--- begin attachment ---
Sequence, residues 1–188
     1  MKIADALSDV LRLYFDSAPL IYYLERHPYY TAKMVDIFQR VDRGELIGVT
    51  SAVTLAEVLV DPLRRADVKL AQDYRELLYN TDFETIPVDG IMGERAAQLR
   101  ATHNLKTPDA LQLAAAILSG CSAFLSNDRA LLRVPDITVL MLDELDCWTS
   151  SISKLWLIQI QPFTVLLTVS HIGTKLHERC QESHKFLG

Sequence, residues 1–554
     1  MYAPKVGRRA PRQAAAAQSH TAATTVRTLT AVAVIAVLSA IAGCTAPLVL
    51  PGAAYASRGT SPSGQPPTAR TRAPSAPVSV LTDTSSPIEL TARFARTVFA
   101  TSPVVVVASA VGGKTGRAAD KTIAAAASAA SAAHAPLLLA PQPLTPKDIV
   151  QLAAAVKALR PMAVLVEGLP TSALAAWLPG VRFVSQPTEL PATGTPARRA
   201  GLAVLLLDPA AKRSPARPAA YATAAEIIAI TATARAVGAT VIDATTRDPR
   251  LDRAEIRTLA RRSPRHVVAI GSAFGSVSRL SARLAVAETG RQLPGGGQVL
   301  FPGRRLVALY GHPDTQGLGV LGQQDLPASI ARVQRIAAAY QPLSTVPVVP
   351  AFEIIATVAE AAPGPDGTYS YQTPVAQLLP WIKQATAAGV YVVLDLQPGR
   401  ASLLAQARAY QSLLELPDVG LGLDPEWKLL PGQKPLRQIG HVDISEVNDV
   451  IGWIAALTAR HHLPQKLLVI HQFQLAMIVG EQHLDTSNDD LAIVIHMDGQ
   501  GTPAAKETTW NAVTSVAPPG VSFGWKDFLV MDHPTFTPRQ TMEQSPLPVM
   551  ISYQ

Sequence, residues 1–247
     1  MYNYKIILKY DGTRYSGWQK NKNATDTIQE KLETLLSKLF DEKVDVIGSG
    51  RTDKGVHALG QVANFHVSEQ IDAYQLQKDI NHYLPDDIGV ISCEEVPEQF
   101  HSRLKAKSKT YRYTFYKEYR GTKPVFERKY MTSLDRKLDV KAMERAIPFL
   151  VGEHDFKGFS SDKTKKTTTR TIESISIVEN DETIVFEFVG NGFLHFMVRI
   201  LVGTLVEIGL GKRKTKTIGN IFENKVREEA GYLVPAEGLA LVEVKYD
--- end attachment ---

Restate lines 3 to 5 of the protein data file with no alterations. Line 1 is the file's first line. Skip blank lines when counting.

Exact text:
    51  SAVTLAEVLV DPLRRADVKL AQDYRELLYN TDFETIPVDG IMGERAAQLR
   101  ATHNLKTPDA LQLAAAILSG CSAFLSNDRA LLRVPDITVL MLDELDCWTS
   151  SISKLWLIQI QPFTVLLTVS HIGTKLHERC QESHKFLG